As such, I have discerned that a common element of those sites which perform swimmingly in their endeavors (and in their capacity to attract traffic to the site) are those which are grounded in fundamentally strong representations of the English language. Good Grammar wins.

    In the spirit of encouraging others to strive for excellence I’d offer you this criticism – you make several spelling and grammatical errors in this post. I’d suggest investing a tad more time to re-read the post before finalizing it. You’re verbiage and commentary in general seem worthwhile, but I have to fight an inclination to disregard you based on a few errors. Trite? Perhaps, but I think all writers would agree with me that one’s subject matter is always better received when it is presented without grammatical errors.


  3. Craig says:


    {{Unlike many Christians, I make no qualification of an individual when encouraging them to strive for excellence in their own endeavors, because I derive mutual benefit from said excellence through their contributions to culture. Humans do well for each other (yes, atheists for Christians and vice versa) when they do excellently.}}

    Peace (again),

  4. Craig says:

    “You’re verbage”
    Bah. I render myself dumb by hypocricy.
    Needless to say, I’m an amateur critic, but I stumbled on your site from the wordpress frontpage.

    cheers anyway,

  5. Bad says:

    Welcome Craig.

    I’m not sure where you are getting the idea of militancy or intolerance to belief, at least in my case: I’m perfectly happy to live in a world with believers, as are virtually all atheists, who live with, work with, vote for, marry and befriend theists. I don’t think theists are anywhere near showing us the same tolerance and acceptance that we show you. I don’t hate religion, and it’s actually a matter of indifference to me if someone believes in a god. That doesn’t, of course, mean that I’m not critical of arguments and ideas I think are unjustified, deceptive, or otherwise: but I’m generally critical of these whether they come from believers or non.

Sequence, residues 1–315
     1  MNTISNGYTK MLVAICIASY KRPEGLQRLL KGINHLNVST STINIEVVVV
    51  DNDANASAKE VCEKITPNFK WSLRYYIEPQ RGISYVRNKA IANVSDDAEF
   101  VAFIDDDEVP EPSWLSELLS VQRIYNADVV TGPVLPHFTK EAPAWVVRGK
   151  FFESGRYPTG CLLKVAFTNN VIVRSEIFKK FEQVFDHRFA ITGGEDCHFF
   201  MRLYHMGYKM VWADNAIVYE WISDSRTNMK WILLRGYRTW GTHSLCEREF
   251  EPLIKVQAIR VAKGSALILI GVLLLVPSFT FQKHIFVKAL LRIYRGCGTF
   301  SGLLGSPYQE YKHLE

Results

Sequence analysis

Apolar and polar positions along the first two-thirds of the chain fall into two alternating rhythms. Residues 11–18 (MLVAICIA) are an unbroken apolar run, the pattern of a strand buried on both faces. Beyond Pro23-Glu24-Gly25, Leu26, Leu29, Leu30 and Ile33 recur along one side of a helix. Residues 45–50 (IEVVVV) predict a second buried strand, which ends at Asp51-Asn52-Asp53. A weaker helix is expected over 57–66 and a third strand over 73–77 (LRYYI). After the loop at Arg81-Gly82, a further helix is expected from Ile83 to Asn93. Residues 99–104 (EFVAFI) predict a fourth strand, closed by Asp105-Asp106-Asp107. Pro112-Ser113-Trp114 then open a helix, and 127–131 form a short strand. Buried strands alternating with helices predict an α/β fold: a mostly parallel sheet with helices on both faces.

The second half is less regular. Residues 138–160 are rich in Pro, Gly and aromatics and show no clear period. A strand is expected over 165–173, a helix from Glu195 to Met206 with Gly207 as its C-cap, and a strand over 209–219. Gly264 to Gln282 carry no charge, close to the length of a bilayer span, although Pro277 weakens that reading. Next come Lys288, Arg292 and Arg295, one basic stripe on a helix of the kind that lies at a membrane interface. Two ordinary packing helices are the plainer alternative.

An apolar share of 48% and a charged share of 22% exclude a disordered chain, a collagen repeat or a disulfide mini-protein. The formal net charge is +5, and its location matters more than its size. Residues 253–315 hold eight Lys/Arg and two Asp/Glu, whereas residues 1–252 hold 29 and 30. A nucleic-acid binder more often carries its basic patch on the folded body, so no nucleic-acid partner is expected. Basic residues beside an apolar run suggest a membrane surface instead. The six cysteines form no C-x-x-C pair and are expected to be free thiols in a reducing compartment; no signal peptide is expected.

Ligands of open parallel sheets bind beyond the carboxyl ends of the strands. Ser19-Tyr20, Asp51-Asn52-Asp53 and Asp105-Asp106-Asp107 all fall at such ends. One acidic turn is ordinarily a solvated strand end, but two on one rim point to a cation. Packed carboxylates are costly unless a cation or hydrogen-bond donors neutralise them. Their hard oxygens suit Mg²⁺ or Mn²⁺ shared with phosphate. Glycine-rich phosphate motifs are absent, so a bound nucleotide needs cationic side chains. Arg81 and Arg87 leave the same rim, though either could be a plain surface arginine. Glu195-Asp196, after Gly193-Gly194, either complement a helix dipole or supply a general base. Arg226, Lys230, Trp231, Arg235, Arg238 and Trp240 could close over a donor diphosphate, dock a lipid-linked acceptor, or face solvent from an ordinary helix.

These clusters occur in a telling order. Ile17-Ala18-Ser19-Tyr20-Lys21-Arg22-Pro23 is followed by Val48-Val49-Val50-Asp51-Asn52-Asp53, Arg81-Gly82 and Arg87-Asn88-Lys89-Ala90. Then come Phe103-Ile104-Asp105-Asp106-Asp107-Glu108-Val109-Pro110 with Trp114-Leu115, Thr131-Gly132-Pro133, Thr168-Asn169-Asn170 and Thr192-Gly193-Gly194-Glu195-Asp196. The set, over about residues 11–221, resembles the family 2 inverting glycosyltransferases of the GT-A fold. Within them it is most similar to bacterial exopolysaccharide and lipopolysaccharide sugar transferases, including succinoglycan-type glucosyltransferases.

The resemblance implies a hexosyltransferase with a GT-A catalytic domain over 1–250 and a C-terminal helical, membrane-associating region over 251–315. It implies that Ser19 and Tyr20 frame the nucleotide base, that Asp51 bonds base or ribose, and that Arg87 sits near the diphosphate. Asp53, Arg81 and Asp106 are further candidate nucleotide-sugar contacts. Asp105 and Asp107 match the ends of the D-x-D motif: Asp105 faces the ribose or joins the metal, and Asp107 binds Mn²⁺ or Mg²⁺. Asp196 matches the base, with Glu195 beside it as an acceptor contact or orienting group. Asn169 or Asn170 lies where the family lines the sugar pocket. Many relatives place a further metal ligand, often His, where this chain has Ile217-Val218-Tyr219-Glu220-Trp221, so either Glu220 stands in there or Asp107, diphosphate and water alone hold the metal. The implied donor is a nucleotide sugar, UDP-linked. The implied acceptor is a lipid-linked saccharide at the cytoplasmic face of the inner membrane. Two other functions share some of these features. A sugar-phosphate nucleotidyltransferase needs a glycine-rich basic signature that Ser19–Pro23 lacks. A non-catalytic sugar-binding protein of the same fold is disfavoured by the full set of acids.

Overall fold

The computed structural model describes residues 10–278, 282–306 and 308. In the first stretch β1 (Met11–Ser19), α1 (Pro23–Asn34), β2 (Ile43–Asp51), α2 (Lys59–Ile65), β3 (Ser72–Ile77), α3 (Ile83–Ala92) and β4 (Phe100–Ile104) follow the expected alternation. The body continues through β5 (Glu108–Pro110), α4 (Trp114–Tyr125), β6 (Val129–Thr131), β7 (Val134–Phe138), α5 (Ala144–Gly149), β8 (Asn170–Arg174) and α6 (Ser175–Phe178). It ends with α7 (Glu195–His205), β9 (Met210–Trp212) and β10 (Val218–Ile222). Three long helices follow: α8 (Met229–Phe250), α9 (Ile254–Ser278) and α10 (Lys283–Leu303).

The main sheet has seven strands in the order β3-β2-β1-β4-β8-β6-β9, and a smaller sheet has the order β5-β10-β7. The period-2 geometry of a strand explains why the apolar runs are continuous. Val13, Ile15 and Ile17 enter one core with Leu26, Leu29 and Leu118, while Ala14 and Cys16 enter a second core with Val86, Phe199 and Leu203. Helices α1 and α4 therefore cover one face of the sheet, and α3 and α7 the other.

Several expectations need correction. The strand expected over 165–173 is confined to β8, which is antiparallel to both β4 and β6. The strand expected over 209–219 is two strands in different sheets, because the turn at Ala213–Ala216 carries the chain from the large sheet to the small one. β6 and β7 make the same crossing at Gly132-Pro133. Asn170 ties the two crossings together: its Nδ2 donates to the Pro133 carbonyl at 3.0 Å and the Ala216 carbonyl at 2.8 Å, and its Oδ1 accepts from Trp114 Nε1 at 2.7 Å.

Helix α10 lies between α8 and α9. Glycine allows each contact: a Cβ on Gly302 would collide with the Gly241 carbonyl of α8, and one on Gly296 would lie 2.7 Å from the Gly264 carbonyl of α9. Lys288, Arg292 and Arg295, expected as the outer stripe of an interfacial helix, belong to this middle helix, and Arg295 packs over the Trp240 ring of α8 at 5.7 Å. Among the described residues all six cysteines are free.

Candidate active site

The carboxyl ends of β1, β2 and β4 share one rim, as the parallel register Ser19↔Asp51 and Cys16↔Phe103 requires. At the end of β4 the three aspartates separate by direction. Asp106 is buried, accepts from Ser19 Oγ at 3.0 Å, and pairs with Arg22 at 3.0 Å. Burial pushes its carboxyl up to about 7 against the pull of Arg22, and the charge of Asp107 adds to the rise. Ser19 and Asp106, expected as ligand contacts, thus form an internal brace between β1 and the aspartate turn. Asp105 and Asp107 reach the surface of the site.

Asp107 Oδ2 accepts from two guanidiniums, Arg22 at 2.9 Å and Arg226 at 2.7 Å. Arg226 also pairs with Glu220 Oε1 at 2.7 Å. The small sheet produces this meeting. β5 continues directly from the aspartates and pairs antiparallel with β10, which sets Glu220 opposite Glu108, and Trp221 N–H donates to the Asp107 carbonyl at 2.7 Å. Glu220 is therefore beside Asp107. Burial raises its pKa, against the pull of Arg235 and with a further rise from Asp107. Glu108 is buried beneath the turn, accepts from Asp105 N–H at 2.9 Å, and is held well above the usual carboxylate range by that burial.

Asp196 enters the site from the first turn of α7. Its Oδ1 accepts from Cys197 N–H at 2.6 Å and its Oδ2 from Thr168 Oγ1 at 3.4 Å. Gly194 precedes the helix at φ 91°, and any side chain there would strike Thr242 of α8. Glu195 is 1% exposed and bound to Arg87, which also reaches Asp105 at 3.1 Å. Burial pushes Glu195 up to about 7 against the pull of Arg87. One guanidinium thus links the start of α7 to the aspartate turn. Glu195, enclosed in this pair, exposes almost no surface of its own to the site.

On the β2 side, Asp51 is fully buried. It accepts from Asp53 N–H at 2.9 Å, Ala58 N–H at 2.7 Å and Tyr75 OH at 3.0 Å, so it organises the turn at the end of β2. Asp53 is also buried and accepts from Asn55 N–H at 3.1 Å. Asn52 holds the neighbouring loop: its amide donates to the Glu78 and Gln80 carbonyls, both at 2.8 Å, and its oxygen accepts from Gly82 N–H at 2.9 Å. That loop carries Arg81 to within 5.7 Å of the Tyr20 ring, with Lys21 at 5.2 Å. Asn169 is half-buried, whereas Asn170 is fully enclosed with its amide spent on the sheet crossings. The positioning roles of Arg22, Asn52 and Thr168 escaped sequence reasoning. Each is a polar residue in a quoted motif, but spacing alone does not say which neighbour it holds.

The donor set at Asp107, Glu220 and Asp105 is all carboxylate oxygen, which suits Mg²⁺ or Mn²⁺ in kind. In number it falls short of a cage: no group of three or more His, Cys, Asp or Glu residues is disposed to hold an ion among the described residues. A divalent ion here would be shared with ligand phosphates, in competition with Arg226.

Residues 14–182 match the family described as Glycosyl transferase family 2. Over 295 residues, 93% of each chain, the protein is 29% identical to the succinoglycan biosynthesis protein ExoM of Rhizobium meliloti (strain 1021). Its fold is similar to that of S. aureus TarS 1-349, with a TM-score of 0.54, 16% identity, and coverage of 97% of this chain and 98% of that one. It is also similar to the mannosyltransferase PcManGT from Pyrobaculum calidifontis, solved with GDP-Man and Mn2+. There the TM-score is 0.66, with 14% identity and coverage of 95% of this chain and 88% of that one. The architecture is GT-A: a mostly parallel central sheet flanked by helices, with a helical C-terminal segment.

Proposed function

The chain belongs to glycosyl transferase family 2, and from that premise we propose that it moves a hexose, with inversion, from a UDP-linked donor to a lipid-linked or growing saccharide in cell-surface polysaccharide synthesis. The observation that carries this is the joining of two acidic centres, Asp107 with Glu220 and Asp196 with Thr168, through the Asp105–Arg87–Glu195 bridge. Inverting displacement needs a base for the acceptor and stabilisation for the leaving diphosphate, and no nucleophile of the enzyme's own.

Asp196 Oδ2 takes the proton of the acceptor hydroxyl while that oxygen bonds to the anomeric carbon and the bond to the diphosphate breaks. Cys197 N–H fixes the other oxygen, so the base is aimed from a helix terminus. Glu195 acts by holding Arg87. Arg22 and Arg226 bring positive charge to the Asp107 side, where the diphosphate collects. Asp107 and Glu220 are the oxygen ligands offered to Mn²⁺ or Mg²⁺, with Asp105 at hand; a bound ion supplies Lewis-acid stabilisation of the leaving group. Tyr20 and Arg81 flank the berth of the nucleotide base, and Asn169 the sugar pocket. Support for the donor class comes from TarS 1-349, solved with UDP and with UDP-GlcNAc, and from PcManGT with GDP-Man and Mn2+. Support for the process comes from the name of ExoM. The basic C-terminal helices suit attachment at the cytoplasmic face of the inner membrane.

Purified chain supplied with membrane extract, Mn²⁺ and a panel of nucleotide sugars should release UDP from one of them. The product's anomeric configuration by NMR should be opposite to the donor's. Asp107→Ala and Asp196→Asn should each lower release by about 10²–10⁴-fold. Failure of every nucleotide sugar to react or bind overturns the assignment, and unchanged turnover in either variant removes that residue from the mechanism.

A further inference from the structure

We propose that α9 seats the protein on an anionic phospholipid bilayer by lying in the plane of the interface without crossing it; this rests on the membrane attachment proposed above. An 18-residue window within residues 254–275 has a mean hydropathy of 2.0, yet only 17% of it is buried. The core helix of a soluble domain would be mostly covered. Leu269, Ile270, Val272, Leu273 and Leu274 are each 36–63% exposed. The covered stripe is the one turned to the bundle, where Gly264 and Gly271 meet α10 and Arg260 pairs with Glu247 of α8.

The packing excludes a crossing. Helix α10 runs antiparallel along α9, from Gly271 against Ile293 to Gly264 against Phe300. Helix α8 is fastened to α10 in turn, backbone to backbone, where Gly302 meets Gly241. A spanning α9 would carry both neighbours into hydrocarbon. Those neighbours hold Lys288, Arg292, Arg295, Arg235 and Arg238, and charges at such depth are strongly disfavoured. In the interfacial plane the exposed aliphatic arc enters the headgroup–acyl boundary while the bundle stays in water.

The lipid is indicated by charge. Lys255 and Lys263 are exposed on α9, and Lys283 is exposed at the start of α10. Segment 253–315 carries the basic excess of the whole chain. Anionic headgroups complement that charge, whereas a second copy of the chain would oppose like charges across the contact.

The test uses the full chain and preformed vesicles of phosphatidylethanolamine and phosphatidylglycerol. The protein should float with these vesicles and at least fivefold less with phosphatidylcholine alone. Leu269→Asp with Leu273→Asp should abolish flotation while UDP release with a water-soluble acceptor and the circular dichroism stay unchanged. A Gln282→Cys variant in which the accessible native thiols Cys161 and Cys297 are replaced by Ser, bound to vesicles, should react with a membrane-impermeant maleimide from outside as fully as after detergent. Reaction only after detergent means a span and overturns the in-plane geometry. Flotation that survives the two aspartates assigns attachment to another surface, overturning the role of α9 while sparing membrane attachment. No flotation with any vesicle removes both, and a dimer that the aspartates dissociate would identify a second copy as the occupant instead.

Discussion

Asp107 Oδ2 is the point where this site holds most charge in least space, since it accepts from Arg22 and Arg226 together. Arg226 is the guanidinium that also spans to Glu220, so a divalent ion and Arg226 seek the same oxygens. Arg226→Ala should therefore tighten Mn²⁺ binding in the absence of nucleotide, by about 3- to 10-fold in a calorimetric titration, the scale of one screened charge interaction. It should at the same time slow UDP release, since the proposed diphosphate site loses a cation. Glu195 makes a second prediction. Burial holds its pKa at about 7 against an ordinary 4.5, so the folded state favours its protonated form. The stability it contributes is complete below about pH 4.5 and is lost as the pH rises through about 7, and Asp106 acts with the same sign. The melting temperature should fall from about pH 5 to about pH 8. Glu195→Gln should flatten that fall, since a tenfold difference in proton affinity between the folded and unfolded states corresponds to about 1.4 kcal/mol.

Nor, I must admit, have I encountered a substantial number of actual, non-tongue-in-cheek “convert or die” atheists, even amongst the most strident of bloggers. Most atheists, new and old, do seem to be fitting quite neatly into the model of not being theists, and explaining why they are not. Some are nice, some are nasty, some satirical, some serious, but all are engaging in wordplay and debate, not armed combat. For some reason, however, these critique are often portrayed as some sort of violent uprising. I suspect that the reason for this portrayal is largely tactical: instead of actually addressing the substantive points that these critics of religion raise, it’s far easier to summon up images of nasty, brutish heathens. It goes without saying that I think this portrayal is largely unfair.

    As for spelling and grammar, I generally think I do just fine, considering how little time I have to blog these days. But if you’d like to play editor to help improve things around here, I’m more than happy to make any corrections you think are particularly pressing when you catch me flubbing my lines. On a quick read-through as per your suggesting, I see that a hasty changing of tense in the middle of composing this post indeed left me with some rather awkward omissions which I’ve now endeavored to correct. Thanks for the watchful eye.